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Emma
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Movie Review | Emma (1932) | February 6, 1932 | Miss Dressler at Her Best. | By MORDAUNT HALL. | Published: February 6, 1932 | New York Times

Marie Dressler, whose film work has earned for her the highest praise throughout the English-speaking world, contributes another sterling portrayal, possibly her best, in "Emma," the present feature at the Capitol. The story may be sentimental and somewhat implausible at times, but it is by all odds the outstanding one in which this clever actress has appeared. Never for an instant is it lacking in interest while Miss Dressier is on the screen.

As Emma, a housekeeper in a widower's family who subsequently marries her employer, Miss Dressler aroused both laughter and tears from an audience yesterday afternoon. It is very funny when Emma is whirled about in a practice flying apparatus and it is affecting when in a closing sequence she leaves the family, of which she had so many years been the foster mother, to seek a new position. But at the end there is a note of cheer, for Emma is happy in mothering a new family.

Miss Dressler's impersonation is one of the finest character studies that has come to the screen. This Emma is a good-natured, utterly unselfish woman, whose only thought is for Frederick Smith and his family. She is especially devoted to Ronnie, who owes his life to this kindly creature. His mother dies after his birth.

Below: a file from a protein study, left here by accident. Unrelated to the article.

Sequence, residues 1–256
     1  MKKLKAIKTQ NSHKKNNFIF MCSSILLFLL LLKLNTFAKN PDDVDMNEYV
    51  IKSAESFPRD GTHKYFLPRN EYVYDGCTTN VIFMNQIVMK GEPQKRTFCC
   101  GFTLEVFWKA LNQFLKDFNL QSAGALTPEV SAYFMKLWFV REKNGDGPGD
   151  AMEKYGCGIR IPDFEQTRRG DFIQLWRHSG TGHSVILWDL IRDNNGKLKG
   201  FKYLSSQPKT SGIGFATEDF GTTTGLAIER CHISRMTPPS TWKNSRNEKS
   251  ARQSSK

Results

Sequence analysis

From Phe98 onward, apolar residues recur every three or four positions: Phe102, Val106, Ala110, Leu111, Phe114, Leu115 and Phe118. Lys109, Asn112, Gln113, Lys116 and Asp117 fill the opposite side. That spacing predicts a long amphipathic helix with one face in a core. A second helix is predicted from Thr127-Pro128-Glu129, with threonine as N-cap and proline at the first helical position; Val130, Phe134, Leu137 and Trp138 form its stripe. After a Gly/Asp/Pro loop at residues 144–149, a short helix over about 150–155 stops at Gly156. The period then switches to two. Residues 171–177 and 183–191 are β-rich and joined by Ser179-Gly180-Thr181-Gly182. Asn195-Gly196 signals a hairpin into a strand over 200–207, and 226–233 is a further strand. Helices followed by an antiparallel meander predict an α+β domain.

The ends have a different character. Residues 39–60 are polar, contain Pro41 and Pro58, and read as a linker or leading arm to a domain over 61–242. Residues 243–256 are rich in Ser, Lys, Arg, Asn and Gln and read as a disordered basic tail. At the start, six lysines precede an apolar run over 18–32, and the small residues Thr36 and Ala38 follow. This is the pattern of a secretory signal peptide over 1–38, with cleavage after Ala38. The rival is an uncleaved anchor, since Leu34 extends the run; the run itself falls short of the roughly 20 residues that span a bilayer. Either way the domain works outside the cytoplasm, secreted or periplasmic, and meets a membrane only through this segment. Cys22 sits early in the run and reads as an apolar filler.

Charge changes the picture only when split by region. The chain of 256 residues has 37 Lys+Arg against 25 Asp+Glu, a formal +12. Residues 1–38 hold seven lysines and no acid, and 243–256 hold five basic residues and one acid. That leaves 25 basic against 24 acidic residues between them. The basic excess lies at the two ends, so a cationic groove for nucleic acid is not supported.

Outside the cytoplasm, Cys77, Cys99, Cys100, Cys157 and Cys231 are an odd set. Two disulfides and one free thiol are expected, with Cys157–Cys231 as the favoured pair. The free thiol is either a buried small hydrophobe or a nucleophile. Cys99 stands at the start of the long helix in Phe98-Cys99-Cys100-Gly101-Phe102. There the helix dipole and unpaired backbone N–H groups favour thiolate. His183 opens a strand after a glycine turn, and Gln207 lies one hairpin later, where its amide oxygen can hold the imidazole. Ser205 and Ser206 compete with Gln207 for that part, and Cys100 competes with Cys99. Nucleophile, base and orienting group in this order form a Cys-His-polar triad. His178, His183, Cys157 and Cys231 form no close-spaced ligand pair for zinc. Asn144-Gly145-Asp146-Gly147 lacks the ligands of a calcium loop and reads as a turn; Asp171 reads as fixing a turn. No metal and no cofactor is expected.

There is a lapse of many years after Ronnie comes into the world and Frederick Smith, played by Jean Hersholt, prospers. One daughter, however, has married a French Count and she and her sister and older brother begin to resent Emma's familiarity toward them. They even go so far as to suggest that Emma wear a cap, which this fine woman scoffs at good-naturedly. She continues to discuss Ronnie's penchant for flying, of which she takes a tolerant view, with Frederick Smith, and then comes the day when for the first time in thirty years or more she decides to take a holiday.

There are some amusing scenes in a railroad station, with Smith looking after Emma, buying her ticket and checking her baggage. She is bound for Niagara Falls and before she leaves Smith proposes marriage to Emma and forthwith accompanies her on her trip and they are married.

Emma is a devoted wife, who is constantly admonishing her husband to take his medicine. Eventually he succumbs to heart disease and bequeaths all his worldly goods to Emma. This antagonizes all Emma's stepchildren, except Ronnie, and the hostile trio go so far as to accuse Emma of causing their father's death. Emma is acquitted of the charge, but her gratification is overshadowed at hearing of the death of Ronnie in a flying machine accident as he was speeding to her assistance from a hunting trip.

The court room scenes and the closing stretches are most moving. This Emma is singularly human, particularly in her love for Ronnie. Miss Dressler never falters in the pathos or humor of this tale. Mr. Hersholt is splendid as Frederick Smith and one can pardon his slight foreign accent on the ground that he has changed his name. Richard Cromwell, who did so well in the talking edition of "Tol'able David," is capable and sympathetic as Ronnie. Myrna Loy, John Miljan and Kathryn Crawford make the most of their respective rles.

"Whirligigs," a stage production directed by Arthur Knorr, with Shaw and Lee and others, precedes the pictorial attraction.

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